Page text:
TGA Releases New Advertising Guidance
8th Nov 18
The Therapeutic Goods Administration (TGA) has issued new guidance material setting out requirements on businesses that advertise medical devices direct to the public.
Key Issues For The Dental Industry —
Although most dental products are advertised and distributed to healthcare professionals, it is not uncommon for some (such as orthodontic appliances) to be advertised by product manufacturers and suppliers directly to the public. Such businesses need to be aware of the TGA’s requirements associated with direct to public advertising of medicines and medical devices.
Most dental products are defined as ‘medical devices’ under the Therapeutic Goods Act 1989 (Cth) and as such are not considered to be consumer products. The Australian Government’s position is that advertising of therapeutic goods requires a higher ethical standard than may apply for ordinary consumer goods. Consumers rely on therapeutic goods for their health. Determining the appropriateness of a therapeutic good can be difficult for a consumer and it is important that promotional material is truthful, balanced, and not misleading.
The TGA has set, in concert with the Australian Dental Industry Association (ADIA) and other stakeholders in the medical devices sector, a clear framework for the advertising of medical devices to the public. This is set out in the following documents:
The TGA framework states that advertising should give adequate information on the risks and cautions around a product and recommend seeking advice from a health professional where appropriate. As a result, there is specific legislation that applies to the advertising of therapeutic goods to consumers (over and above Australian Consumer Law, which regulates advertising generally) and applies to therapeutic goods through the requirements under the Therapeutic Goods Act 1989 (Cth) and subordinate regulation. The regulation of advertising reflects the importance of consumers being properly informed so that they can select treatment options appropriately for use in their own and their family's healthcare.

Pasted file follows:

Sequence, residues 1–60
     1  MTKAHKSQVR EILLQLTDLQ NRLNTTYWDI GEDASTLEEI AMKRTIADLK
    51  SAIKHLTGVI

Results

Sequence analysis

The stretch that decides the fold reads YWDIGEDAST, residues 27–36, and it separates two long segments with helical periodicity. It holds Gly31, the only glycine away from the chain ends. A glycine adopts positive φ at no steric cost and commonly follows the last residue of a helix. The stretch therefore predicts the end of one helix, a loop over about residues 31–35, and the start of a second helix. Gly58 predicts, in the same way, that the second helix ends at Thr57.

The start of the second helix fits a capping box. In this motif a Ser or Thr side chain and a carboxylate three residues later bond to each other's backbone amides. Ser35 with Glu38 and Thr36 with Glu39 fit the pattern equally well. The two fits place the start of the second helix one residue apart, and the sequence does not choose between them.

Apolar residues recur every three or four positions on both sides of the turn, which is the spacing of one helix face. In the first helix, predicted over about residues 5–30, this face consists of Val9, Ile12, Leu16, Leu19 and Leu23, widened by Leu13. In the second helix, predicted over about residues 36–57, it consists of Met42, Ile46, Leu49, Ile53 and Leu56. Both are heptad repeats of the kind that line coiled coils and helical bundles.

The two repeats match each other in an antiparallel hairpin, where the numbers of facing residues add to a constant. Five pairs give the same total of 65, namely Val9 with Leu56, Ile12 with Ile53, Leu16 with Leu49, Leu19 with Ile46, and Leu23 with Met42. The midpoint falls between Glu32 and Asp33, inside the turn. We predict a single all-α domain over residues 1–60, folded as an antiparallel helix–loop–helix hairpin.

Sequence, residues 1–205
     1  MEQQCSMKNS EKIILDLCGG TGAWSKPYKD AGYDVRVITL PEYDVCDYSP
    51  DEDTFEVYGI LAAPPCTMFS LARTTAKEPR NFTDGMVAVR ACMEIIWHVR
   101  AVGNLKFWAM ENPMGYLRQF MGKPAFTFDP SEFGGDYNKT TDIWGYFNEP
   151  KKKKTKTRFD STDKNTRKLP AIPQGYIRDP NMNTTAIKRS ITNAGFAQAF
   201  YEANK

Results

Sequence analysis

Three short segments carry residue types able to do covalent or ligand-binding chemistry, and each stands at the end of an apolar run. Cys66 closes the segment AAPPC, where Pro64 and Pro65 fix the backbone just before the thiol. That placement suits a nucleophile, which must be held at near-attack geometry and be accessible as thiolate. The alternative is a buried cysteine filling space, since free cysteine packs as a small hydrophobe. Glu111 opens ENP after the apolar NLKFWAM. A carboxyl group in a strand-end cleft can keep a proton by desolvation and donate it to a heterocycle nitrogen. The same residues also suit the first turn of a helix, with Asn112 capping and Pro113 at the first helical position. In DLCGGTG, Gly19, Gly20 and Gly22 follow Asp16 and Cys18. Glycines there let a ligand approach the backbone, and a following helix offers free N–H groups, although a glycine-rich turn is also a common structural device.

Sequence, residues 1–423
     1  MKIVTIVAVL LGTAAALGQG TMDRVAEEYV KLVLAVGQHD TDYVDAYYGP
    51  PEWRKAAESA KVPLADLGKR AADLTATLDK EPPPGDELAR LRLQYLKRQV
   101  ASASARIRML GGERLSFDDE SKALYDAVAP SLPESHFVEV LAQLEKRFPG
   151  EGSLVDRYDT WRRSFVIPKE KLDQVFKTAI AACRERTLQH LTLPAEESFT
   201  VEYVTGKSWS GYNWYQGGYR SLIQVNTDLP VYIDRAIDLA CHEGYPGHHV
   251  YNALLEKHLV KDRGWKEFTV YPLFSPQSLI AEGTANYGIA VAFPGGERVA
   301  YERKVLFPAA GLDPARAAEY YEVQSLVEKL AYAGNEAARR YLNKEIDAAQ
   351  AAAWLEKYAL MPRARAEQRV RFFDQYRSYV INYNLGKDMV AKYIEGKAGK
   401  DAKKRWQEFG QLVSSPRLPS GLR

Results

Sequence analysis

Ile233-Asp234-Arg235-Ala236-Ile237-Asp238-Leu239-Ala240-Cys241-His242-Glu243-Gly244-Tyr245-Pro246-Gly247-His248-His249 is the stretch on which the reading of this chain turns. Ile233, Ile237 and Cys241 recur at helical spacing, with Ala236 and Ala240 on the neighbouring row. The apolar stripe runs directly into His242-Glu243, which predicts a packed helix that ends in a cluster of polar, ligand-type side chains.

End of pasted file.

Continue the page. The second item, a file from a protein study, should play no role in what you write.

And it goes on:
When advertising therapeutic goods to the public, the dental industry must comply with the Therapeutic Goods Advertising Code (No 2) 2018 (the Code), which is the cornerstone of the therapeutic goods advertising regulatory framework. Not all therapeutic goods are allowed to be advertised to the public including biologicals, goods containing a Schedule 4 or Schedule 8 of the Standard for the Uniform Scheduling of Medicines and Poisons (the Poisons Standard), and goods containing a Schedule 3 substance not included in Appendix 8 of the Poisons Standard. More information is available on these restrictions and others in: Australian Regulatory Guidelines for Advertising Therapeutic Goods (ARGATG).
The broad framework associated with advertising dental products to consumers is not new; however, it has been updated. Further, compliance with the Complying with the Therapeutic Goods Advertising Code (No. 2) 2018 is a requirement of the ADIA Code Of Practice.
Further information —
For further information on matters relating to the TGA Advertising Guidance please send an email to firstname.lastname@example.org or telephone 1300 943 094. To keep up to date with all that is happening in Australia's dental industry following ADIA on Twitter at @AusDental and on Facebook at www.facebook.com/dental.industry.
Currency & Disclaimer —
This update was issued on 8 November 2018 and please note that changes in circumstances after the publication of material or information may impact upon its accuracy and also change regulatory compliance obligations. The statements, regulatory and technical information contained herein are believed to be accurate and are provided for information purposes only. Readers are responsible for assessing its relevance and verifying the accuracy of the content. To the fullest extent permitted by law, ADIA will not be liable for any loss, damage, cost or expense incurred in relation to or arising as a result of relying on the information presented here.
This publication is available for your use under a Creative Commons Attribution 3.0 Australia licence, with the exception of the ADIA logo, other images and where otherwise stated.
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